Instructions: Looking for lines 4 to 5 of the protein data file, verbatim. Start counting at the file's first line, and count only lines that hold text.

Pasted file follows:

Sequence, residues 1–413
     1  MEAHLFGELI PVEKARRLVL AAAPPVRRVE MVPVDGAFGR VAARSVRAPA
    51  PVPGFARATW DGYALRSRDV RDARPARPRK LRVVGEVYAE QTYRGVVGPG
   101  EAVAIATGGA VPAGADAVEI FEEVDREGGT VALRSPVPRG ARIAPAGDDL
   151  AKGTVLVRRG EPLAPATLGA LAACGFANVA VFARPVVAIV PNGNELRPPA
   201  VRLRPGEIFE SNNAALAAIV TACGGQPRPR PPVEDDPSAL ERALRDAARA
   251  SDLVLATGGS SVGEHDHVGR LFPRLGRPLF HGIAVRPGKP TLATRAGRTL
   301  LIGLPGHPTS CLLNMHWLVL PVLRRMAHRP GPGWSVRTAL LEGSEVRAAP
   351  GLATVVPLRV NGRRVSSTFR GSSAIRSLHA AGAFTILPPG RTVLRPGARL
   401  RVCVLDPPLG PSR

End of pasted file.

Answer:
   101  EAVAIATGGA VPAGADAVEI FEEVDREGGT VALRSPVPRG ARIAPAGDDL
   151  AKGTVLVRRG EPLAPATLGA LAACGFANVA VFARPVVAIV PNGNELRPPA